My last post was titled Roman Catholicism and I, so I am naming this sequel “Roman Catholicism and II.” Get it? Funny? No? Okay, well, I couldn’t resist. I’ve never been very good at titles.
Anyway, an Orthodox friend of mine sent me more questions in regard to my last post. He tends to be pretty private, so I am not going to give you his name. He asked me to address the questions, though, so I am not doing anything wrong in repeating his questions publicly.
The questions are really good. I’m looking forward to answering these.
1. As the early Church grew (still long before Constantine), did the early Church fathers teach that local churches don’t have to be accountable to a bishop?
No. Ignatius pushed accountability to the bishop, the elders, and even the servants (deacons) in all his letters. Oddly enough, his letter to Rome was the exception, which is almost certainly because Rome still used “bishop” and “elder” interchangeably (1 Clement 42, 44).
Anyway, Ignatius is a prime example of emphasis on the bishop. Note it is on the local bishop only, not distant bishops in other churches.
1 Clement is a letter from Rome to Corinth. The reason for the letter is that the Corinthians were fighting over the positions (plural) of elder/bishop. While I don’t remember him ever emphasizing submission to the elders, he does say that the plan of God for proclaiming the Gospel and teaching the saints is God to Jesus to the apostles to the bishops and deacons.
Clement also says that each person should serve in their proper place, and he uses the priests and Levites of the Old Testament as an example. He does all this in the context of the Old Testament without getting specific about New Testament roles other than what I’ve pointed out. He does tell any person that is in disagreement with the multitude of believers in Corinth to willingly depart if he can’t change his mind.
Justin Martyr was from Rome, and he left us a lot of writing, all apologetic towards the emperor, the Greeks, and the Jews. The report of his martyrdom is also extant. He writes like he has never heard of a bishop or elder, referring only to “the presiding one” even in his description of a Sunday meeting. That’s a little weird because he wrote around AD 150, and Rome surely had a bishop by then.
The “Didache,” a church manual of uncertain date, is very interesting. It mentions bishops (plural) and servants, but the whole manual is addressed to the members of the church:
You must choose for yourselves bishops and deacons who are worthy of
the Lord: men who are humble and not eager for money, but sincere and
approved; for they are carrying out the ministry of the prophets and the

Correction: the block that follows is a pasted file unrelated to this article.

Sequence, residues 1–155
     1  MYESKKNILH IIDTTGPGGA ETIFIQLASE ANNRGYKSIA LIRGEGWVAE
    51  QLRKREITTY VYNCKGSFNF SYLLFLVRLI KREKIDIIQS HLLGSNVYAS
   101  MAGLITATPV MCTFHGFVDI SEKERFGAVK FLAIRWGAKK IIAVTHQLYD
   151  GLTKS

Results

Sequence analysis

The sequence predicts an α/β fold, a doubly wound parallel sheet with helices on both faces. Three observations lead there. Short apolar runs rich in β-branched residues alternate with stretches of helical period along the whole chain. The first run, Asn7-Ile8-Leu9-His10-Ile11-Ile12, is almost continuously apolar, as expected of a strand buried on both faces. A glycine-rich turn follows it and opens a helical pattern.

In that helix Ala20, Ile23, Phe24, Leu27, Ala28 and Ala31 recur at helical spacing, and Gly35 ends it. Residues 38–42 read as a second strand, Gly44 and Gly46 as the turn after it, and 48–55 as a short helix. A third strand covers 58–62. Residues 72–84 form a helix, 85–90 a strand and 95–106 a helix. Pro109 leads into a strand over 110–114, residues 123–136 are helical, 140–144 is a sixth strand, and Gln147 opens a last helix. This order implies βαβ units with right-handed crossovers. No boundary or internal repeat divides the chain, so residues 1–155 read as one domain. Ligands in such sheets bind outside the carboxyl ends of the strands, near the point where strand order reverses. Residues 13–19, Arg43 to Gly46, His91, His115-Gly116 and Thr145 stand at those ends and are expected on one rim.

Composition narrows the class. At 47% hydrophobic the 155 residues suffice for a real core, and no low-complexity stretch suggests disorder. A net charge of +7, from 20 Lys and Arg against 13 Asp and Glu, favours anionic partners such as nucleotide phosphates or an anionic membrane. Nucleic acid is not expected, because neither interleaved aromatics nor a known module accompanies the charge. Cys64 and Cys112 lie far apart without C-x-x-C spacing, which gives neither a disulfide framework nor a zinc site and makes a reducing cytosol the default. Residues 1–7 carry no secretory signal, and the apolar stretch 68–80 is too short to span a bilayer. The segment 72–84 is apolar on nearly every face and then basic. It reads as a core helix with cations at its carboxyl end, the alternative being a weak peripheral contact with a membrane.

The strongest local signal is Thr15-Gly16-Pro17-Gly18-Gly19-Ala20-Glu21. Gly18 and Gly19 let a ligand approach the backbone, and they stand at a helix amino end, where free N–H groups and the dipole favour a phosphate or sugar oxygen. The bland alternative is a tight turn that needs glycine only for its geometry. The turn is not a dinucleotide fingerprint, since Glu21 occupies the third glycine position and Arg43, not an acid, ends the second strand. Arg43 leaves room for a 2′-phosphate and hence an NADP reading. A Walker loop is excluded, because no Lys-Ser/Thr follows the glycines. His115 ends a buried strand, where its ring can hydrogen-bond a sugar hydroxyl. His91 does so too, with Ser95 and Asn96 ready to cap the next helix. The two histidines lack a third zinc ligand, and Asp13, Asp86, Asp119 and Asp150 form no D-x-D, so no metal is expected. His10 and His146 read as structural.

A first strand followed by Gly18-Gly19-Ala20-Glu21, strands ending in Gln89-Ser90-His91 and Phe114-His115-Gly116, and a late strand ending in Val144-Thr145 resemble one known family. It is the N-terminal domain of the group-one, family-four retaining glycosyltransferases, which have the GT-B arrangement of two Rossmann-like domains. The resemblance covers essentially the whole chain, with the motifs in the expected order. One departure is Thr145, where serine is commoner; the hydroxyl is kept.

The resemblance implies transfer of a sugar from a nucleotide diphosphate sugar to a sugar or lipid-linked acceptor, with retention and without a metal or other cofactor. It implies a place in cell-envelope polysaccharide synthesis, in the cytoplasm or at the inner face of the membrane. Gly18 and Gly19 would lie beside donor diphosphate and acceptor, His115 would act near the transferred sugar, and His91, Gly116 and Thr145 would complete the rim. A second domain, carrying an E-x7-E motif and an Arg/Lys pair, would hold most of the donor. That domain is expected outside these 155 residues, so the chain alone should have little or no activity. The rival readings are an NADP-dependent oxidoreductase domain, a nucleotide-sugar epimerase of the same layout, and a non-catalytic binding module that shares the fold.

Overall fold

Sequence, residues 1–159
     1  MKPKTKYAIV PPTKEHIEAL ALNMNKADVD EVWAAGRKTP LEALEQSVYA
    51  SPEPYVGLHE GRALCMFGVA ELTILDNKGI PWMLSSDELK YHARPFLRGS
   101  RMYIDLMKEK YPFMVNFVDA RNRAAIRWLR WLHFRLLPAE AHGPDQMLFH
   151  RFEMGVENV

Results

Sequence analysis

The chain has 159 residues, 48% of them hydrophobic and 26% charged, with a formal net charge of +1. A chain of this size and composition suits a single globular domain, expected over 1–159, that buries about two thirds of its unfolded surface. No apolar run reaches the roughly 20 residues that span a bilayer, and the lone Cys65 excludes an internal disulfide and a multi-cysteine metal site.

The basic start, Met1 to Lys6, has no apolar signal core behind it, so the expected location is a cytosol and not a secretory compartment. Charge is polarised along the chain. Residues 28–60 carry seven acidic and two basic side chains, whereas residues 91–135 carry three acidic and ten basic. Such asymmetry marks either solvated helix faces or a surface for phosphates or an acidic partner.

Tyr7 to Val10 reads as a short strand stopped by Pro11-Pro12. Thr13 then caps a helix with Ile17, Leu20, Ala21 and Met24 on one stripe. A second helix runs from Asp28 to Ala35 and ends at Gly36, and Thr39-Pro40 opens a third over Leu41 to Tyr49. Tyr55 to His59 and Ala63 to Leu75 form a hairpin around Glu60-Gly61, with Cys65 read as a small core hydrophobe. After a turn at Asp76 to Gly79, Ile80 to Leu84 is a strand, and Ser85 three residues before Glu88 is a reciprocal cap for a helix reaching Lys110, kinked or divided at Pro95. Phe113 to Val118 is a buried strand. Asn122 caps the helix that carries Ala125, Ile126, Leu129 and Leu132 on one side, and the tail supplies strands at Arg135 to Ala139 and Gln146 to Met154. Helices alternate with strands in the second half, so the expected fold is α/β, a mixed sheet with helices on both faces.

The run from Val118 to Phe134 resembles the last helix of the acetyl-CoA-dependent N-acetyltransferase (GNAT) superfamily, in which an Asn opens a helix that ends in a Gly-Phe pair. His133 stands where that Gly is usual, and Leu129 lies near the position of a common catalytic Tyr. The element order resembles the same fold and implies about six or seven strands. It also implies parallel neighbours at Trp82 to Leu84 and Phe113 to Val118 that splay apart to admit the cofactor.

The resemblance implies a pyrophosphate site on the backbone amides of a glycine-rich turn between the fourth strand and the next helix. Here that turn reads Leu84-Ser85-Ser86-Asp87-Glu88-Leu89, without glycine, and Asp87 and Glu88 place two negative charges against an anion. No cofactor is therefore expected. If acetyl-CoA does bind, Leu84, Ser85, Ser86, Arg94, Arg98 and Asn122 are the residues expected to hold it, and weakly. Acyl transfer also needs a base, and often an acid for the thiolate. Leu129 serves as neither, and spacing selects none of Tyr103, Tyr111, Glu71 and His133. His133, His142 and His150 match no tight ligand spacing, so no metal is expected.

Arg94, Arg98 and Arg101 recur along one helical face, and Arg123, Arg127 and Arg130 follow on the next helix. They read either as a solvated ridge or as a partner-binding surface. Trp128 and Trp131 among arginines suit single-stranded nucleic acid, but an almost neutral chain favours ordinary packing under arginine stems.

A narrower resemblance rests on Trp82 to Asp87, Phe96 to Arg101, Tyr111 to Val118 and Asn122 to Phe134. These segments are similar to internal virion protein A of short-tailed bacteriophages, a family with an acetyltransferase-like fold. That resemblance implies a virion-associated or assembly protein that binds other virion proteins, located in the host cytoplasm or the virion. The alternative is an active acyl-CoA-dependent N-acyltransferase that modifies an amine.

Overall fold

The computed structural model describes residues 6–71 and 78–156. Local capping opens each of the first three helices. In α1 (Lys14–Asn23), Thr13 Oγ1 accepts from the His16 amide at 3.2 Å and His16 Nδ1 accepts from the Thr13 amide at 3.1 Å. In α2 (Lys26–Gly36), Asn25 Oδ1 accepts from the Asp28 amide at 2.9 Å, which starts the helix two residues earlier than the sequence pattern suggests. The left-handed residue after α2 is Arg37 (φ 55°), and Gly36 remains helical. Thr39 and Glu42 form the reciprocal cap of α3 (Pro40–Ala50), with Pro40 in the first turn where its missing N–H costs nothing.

teachers for you. Do not esteem them lightly, for they take an honourable
rank among you along with the prophets and teachers. (ch. 15)
This manual gives instructions on the Lord’s Supper and baptism without ever mentioning a church leader. It instructs the church to choose bishops and servants, not to submit to them. Many believe the manual, are at least parts of it, to be very early because it deals so much with true and false apostles and prophets. I think we’re all guessing on that subject.
So, my answer to the question is that the early Christians did teach that local churches should be accountable to a bishop. However, I need to add two points.
Although it seems best, even to me, that a bishop of a church—or the bishops if there is collegiate rule—was appointed and trained by an apostle, the Didache suggests this did not always happen. A succession of such trained bishops is a good thing, helping to ensure purity of doctrine, especially if the churches consult with each other, which they did throughout the second and third centuries.
The second point is that bishops were not seminary-trained theologians hired to oversee the church. Before the Nicene era, when one see could be dramatically more important than another, bishops did not move from place to place. Alexander, the early-4th century bishop of Alexandria, had authority over the bishops of all of Egypt as well as of a couple districts plus Libya. Nonetheless, Alexander was native to Alexandria. He grew up in Jesus there, and he was known to the Christians as a godly man and wise teacher. As Tertullian put it:
The tried men of our elders preside over us, obtaining that honor not by purchase, but by established character. (Apology 39. c. AD 200)
Choosing a bishop of Rome from men who lived their Christian lives in Poland or South America bears no resemblance whatsoever to early Christianity. Further, in the early churches, the bishop was actually an overseer and shepherd. He knew the people, and he watched over them like a shepherd should. He did not travel the world as a religious politician. If that would have happened, we can be sure he would have been anointed for that job, and a bishop would have been chosen to replace him who could do the job of shepherding.
2. Did the early Church fathers teach that anyone can organize a church, without anointing either by an apostle or by someone anointed by an apostle?